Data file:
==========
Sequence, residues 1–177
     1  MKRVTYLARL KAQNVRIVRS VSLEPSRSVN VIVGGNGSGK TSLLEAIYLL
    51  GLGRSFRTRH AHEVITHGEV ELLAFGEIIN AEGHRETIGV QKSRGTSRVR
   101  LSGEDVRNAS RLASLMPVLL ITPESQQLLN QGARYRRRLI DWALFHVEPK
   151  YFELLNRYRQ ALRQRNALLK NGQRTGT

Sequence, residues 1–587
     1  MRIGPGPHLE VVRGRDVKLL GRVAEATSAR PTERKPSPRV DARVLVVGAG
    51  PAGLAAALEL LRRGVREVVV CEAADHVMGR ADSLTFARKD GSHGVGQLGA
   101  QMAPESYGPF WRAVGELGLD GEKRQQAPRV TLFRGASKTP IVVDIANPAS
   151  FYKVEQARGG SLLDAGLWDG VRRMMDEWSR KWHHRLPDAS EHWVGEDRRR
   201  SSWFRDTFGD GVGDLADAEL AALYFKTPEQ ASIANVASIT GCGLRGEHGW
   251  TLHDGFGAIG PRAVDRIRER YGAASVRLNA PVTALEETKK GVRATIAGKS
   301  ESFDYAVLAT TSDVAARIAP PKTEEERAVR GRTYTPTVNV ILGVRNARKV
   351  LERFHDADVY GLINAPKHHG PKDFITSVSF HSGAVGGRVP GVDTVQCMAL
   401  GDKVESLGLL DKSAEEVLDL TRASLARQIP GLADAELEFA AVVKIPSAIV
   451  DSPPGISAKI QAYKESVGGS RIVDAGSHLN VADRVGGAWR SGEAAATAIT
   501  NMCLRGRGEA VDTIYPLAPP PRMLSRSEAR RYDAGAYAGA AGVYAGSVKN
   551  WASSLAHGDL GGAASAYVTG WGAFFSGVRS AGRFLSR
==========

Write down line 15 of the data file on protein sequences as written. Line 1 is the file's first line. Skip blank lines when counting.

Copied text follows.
   401  GDKVESLGLL DKSAEEVLDL TRASLARQIP GLADAELEFA AVVKIPSAIV